A University of Wisconsin-Madison doctor and her husband have been found dead in what cops are calling a targeted double homicide.
A jogger discovered the bodies of Dr. Beth Potter, 52, and Robin Carre, 57, in a ditch at the campus arboretum — a popular research and recreation area with more than 1,200 acres of forests and prairies — around 6:30 a.m. Tuesday, authorities said.
Carre was pronounced dead at the scene, while Potter was transported to a local hospital, where she also died, according to police.
PITTSBURGH (KDKA) — Allegheny Health Network is creating thousands of test kits in preparation for a possible surge of coronavirus cases.
“The people you have on site today include nurses, include physicians, include other clinical people, include data analytics and project managers,” said Kelly Glass, the vice president of Strategy, Operations, and Shared Services at AGH.
It’s a critical time for Allegheny County.
With more and more people testing positive for coronavirus, additional testing is essential.
The assembling of the kits is happening inside the Highmark Health Penn Avenue Plaza.
“This is in response to a shortage of commercially available specimen collection kits,” said Glass.
“And so rather than waiting to see whether or not these vendors, through supply chain, can bring these items to us, we started to take items individually and putting them together,” said Dr. Brian Parker, chief quality & learning officer for AHN.
Doctors say it’s important for those experiencing symptoms, such as a fever or shortness of breath, to get tested.
The last thing they want is to waste test kits.
“Because right now, the big shortage in the country is the swabs that use to get the sample to send to the lab,” said Parker.
KDKA learned workers will be putting these kits together all next week, as well.
ELLWOOD CITY — Business has declined at Alborn Tires, as it has for many businesses during the coronavirus crisis. So owner Justin Neupauer decided to put the slow time to good use this week.
On Tuesday, Neupauer, three of his employees and a group of about 20 volunteers worked to disinfect and clean up Lawrence Avenue and surrounding areas where there are businesses.
“I just wanted to do something positive for our town because it just such an amazing place,” he said.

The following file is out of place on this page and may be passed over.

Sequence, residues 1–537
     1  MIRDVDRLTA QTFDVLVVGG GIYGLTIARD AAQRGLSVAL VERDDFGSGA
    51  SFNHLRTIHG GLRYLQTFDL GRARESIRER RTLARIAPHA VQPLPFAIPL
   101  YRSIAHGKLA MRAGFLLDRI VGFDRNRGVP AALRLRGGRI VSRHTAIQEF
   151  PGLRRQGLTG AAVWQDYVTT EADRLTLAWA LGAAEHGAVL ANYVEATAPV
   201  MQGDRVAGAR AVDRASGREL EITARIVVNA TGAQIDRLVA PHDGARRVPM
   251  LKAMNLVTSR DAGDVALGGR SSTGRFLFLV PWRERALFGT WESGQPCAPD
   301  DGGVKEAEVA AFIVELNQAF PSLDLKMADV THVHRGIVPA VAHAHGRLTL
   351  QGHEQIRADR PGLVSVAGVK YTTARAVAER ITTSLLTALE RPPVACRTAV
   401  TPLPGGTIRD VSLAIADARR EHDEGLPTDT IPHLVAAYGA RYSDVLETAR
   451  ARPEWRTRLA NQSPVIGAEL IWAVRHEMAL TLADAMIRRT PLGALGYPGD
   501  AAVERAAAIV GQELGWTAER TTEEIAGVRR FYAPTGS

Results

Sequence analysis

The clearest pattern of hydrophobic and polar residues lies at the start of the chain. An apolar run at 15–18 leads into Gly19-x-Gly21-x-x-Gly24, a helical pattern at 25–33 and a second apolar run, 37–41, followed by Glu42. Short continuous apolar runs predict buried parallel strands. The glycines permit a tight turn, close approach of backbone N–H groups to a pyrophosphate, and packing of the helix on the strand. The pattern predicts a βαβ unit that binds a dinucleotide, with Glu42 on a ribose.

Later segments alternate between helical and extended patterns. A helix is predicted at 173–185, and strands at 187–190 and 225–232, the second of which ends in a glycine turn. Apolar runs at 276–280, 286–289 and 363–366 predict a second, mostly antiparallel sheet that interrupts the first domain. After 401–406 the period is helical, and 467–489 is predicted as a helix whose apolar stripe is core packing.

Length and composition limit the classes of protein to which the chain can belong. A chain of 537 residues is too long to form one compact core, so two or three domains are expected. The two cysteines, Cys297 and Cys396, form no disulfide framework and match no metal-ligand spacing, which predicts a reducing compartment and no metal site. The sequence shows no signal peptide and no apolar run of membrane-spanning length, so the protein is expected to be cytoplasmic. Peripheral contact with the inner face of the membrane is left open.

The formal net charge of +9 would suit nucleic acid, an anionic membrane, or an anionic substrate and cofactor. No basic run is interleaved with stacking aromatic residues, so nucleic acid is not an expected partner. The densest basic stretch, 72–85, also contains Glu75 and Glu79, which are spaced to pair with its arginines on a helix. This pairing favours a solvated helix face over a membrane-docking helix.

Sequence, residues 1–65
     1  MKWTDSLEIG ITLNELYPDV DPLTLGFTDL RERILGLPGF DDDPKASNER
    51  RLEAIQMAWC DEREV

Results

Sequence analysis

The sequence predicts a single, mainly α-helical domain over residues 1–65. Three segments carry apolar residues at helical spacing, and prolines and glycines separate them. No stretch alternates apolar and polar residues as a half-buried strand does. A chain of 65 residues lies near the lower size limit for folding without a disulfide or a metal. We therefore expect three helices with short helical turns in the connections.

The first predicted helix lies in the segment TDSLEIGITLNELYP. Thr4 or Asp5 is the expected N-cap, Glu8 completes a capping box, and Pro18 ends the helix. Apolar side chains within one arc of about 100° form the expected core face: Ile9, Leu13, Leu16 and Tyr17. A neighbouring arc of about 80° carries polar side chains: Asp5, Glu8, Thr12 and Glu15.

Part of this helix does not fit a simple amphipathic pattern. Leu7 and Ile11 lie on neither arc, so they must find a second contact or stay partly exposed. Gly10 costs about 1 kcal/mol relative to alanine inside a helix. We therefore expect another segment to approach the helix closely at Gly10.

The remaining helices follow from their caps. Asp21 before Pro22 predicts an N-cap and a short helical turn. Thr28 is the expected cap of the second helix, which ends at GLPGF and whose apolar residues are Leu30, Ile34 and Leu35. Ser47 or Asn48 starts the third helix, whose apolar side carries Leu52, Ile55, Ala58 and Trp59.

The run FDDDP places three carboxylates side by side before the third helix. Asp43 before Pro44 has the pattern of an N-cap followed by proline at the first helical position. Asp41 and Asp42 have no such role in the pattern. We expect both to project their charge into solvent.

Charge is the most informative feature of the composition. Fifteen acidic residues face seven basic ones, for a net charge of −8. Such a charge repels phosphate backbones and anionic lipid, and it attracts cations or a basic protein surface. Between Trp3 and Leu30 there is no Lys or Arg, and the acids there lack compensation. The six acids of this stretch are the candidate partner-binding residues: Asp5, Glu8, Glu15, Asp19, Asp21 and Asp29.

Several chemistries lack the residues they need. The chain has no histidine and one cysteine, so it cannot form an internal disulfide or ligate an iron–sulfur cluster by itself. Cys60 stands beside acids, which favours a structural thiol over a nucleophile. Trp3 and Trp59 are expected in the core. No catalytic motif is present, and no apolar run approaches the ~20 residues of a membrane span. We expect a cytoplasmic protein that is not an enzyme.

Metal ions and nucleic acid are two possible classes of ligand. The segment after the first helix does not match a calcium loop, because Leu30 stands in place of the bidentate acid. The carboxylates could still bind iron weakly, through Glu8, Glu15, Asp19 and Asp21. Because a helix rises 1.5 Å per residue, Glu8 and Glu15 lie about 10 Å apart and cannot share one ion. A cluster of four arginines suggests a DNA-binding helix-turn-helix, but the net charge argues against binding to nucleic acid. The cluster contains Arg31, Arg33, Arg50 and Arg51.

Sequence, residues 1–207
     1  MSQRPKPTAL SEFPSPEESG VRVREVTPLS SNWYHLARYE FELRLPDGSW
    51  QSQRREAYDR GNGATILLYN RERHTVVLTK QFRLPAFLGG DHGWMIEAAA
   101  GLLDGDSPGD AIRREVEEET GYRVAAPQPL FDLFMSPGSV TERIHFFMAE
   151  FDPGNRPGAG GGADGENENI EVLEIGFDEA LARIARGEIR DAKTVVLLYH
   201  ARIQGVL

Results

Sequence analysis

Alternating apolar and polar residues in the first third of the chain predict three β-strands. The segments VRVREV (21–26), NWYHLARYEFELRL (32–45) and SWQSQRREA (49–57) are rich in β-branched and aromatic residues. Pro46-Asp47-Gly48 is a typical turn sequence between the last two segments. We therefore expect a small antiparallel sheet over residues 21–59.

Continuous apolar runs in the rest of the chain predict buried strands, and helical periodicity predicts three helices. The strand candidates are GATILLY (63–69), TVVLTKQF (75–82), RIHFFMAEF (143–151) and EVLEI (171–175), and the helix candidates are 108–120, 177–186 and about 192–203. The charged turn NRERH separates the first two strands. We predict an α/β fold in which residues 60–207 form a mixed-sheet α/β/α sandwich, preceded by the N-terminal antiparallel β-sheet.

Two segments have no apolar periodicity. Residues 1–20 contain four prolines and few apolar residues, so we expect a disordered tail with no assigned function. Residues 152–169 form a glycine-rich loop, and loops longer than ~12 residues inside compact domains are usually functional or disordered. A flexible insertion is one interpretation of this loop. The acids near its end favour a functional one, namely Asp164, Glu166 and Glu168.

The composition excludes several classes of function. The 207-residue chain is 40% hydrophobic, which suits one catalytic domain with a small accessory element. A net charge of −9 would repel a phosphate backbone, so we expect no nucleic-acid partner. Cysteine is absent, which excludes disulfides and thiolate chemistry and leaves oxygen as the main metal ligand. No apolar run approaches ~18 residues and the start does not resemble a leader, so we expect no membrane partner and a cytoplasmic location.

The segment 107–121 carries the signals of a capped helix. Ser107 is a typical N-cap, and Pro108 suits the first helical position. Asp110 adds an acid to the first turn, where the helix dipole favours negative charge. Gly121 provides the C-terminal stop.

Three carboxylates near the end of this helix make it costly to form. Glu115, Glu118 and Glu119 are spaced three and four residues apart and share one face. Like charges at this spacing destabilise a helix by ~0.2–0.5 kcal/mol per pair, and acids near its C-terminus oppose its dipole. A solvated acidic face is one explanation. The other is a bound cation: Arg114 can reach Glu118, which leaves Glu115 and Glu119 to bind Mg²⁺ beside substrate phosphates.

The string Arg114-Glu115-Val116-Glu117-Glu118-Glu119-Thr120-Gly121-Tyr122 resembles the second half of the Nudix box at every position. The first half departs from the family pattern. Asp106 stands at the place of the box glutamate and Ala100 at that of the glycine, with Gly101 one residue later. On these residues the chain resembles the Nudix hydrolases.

The volunteers, keeping all the social distancing rules, spread out over Lawrence Avenue, picking up trash, spraying weeds, disinfecting parking meters, crosswalk buttons, benches and anything the public would touch. Using gloves and protective gear the volunteers disinfected the community plaza tables and the Seventh Street Park.
DUQUESNE, Pa. —
The warehouse at the Greater Pittsburgh Community Food Bank is normally filled with volunteers from the community, but on Thursday it was filled with members of the Pennsylvania National Guard.
“When we got the call…we literally showed up the very next morning,” said Raymond Pritchard, National Guard. “They called us yesterday and we’re here today to be supportive and help out wherever they need help at.”17 members of the 128 Brigade Support Battalion to Task Force West are packing emergency food boxes at the facility.
“With the nature of this crisis we’ve really had to cut back on the amount of volunteers that we can welcome into our building so we’ve been really strapped in order to pack emergency food boxes,” said Charla Irwin-Buncher, Chief Development Officer of the Great Pittsburgh Community Food Bank. “(They’ll be) doing some of our direct distribution here at the building and also doing some mass distributions as well, so we plan to have the guard plug into all three of those areas.”
On Thursday, guard members were packing 3,000 boxes with food supplies.
“I work at a high school so my job runs with the high school and the high school’s closed and I’m out of a job,” said Kristina Lewis, National Guard. “To be able to come out here and to help with my free time, come out here and help the community with food. I know a lot of people are without food right now because they’re also out of work so it means so much to me to be able to help out my community since I’m from Pittsburgh.”
U.S. stock index futures fell late Thursday, leaving Wall Street on track for another week of losses. As of 9 p.m. Eastern, Dow Jones Industrial Average futures YM00, -1.21% were down more than 200 points, or 1%, while S&P 500 futures ES00, -1.17% and Nasdaq-100 futures NQ00, -1.20% slipped as well. Earlier, stocks gained in the regular session, with the Dow DJIA, +2.24% closing up more than 2% as President Donald Trump hinted at imminent production curbs by feuding oil giants Saudi Arabia and Russia. But investors may be bracing for Friday’s March jobs report, which is expected to be ugly though not fully indicative of the massive job losses caused by businesses shutting down due to the coronavirus pandemic. On Thursday, data showed that unemployment applications last week soared to a record 6.6 million.
As the world battles the coronavirus crisis, researchers are warning of a potentially active Atlantic Ocean hurricane season, which kicks off June 1 through the end of November.
Specifically, the team forecasts 16 named tropical systems; 12 is the average. Eight of those named systems are forecast to reach hurricane status, with winds greater than 74 mph; Six is the usual amount per year. CSU is also forecasting more major hurricanes than is typical per year: four as opposed to the average of 2.7.
At least eight of the 16 named tropical storms that are forecast will reach hurricane status with winds greater than 74 mph, according to Colorado State University.
A Canonsburg police cruiser was damaged in the chase.
Canonsburg police Chief Al Coghill said he felt frustrated that his officers don’t have enough protective gear.